Joe Jacobson pursuing master's in rehabilitation counseling

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Main Office

Department of Rehabilitation Psychology & Special Education
School of Education
Education Building
1000 Bascom Mall, Rm. 431B
MadisonWI  53706

Tel: 608/263.5860
Fax: 608/262.8108

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Jacobson pursuing master’s in rehabilitation counseling
while serving as U.S. administrative law judge

Joe Jacobson approaches his coursework with UW– Madison’s Rehabilitation Counseling master’s degree program from a unique perspective.

While many of his classmates are striving to become accredited as certified rehabilitation counselors or attempting to earn a training license as a professional counselor, Jacobson already has an established career as a United States administrative law judge.

“Mainly, I enjoy taking classes, going to school and testing myself,” says Jacobson, who is on track to wrap up his master’s degree in August. “Life-long learning has always been important to me.”

Joseph Jacobson
Joe Jacobson started taking classes as a special student back in 2013 and is
on schedule to earn his master's degree in August 2018.
Jacobson, who is a native of Onalaska, Wisconsin, previously spent 22 years in the U.S. Air Force. This service included working for 16 years as an attorney and also included a stretch as a judge in the Air Force.

Jacobson has served as an administrative law judge with the Social Security Administration since 2008. In this role, he serves as both the judge and trier of fact for people who believe they are not receiving the Social Security disability benefits they should be.

Since 2011, he has worked in the agency’s Madison office. He mainly hears appeals from claimants with physical ailments, mental health disorders or cognitive issues that prevent them from working.

If the Social Security Administration determines an individual does not qualify for, or no longer meets the definition of disability under the Social Security Act, or finds that a person was overpaid, that individual can request reconsideration of the agency’s decision. If the individual is not happy with that decision, that person has the right to request a hearing before an administrative law judge.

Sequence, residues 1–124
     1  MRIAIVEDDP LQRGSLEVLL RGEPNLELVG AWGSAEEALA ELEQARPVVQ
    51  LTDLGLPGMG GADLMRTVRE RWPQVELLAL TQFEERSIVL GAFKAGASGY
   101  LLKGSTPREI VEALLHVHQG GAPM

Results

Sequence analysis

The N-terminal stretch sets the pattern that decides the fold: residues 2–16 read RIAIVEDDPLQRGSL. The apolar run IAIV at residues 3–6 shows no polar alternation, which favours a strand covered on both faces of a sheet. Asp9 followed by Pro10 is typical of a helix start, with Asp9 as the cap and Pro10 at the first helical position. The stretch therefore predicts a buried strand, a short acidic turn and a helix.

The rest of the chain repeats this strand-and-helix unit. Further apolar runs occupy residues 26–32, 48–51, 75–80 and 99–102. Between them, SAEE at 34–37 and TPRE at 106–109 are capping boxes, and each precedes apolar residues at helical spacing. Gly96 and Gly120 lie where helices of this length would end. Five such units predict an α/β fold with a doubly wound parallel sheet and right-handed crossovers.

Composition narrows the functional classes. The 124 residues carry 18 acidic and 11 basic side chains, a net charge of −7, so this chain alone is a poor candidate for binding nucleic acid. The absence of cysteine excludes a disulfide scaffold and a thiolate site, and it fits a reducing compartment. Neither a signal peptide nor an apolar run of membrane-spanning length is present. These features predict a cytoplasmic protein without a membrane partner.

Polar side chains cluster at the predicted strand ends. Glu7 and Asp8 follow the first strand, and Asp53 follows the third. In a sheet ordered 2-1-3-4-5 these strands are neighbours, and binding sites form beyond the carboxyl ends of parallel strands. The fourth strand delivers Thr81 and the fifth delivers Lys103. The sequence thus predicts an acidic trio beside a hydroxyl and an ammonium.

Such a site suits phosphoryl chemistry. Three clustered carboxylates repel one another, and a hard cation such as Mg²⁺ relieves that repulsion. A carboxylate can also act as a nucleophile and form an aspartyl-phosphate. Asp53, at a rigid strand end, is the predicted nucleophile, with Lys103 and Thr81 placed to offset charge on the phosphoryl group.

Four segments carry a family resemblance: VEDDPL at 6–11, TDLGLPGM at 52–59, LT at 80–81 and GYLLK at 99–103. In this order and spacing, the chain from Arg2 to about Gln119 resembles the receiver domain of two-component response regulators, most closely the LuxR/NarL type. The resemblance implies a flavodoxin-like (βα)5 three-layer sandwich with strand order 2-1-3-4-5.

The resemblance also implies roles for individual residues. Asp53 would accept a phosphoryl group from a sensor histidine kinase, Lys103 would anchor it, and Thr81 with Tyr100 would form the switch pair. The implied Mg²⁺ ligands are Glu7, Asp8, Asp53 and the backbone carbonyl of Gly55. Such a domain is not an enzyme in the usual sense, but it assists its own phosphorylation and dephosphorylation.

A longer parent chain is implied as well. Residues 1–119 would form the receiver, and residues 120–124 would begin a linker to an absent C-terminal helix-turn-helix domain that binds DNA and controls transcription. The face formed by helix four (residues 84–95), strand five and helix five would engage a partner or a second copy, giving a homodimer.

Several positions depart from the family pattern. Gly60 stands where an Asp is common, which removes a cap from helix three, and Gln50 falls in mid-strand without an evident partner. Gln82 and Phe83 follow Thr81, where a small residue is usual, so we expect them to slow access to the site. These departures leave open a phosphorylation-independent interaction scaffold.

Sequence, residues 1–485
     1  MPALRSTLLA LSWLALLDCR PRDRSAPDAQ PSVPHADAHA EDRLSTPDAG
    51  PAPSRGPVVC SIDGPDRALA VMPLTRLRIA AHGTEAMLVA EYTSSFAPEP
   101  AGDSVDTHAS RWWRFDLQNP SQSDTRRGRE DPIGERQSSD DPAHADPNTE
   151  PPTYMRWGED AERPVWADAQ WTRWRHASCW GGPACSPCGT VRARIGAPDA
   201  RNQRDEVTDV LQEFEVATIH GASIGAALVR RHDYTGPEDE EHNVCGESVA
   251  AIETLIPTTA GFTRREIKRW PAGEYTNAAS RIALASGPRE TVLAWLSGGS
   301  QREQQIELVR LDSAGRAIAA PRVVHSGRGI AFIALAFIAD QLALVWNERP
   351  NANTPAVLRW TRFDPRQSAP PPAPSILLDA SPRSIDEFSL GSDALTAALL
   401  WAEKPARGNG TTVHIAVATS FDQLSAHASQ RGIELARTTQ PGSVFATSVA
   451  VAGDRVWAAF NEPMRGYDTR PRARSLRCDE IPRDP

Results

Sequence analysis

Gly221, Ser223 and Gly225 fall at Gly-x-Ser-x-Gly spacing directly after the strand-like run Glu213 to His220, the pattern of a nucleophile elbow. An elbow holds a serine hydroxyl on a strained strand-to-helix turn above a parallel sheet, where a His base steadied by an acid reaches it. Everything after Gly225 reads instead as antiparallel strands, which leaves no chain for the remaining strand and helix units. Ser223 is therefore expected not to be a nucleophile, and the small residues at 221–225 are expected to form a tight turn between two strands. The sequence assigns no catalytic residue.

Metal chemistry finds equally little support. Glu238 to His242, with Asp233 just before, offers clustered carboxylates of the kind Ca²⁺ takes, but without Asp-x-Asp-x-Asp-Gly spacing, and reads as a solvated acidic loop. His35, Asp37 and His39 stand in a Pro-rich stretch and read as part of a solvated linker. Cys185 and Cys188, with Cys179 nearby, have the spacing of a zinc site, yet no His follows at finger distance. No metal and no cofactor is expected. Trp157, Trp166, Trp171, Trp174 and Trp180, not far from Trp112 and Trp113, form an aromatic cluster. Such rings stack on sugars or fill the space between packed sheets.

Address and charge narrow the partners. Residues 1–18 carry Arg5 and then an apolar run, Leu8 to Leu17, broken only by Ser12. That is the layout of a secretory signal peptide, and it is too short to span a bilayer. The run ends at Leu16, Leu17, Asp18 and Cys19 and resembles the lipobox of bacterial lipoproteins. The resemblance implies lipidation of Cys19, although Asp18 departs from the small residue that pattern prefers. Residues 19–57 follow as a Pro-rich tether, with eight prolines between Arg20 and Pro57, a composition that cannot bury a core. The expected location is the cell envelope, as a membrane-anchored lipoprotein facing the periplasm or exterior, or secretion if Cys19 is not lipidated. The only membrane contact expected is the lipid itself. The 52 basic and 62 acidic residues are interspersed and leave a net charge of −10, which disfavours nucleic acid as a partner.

The Social Security Administration considers about 700,000 cases each year. This necessitates a roster of roughly 1,400 administrative law judges, who are independent of the Social Security Administration.

“In these appeals, I will often hear from vocational experts who are graduates of UW–Madison’s rehabilitation psychology program,” says Jacobson. “I started thinking it might be interesting to take some master’s classes as a way to test myself and build on a bachelor’s degree in psychology that I never really used.”

Jacobson started taking classes as a special student back in 2013 and enjoyed courses being taught by Brian Phillips, an assistant professor of rehabilitation psychology. Jacobson eventually applied for admission to the master’s program, started taking two classes each semester and is scheduled to graduate this summer.

This master of science degree program in rehabilitation counseling is designed to prepare people to serve adolescents and adults with disabilities in rehabilitation agencies and programs through counseling, assessment, job placement, case management and advocacy. The program’s mission centers on improving the quality of life and fostering inclusion for individuals with disabilities in community settings.

The program places a strong emphasis on field experiences, including three semesters of practical training in supervised placements in rehabilitation counseling settings.

Joe Jacobson pull quote“The placements have been very useful in allowing me to appreciate the lives of people I see in the courtroom at a deeper level,” says Jacobson, who especially enjoyed his placement with the Green County Community Support Program, which provides comprehensive mental health and case management services to adults with a severe and persistent mental illness.

His current placement with Employment Resources, Inc., a private, nonprofit organization in Madison, has similarly helped Jacobson gain a better understanding of what happens to some people after they leave the courtroom and receive benefits and employment counseling.

“Not only is this program challenging me, it’s giving me new experiences and making me better at my job,” says Jacobson.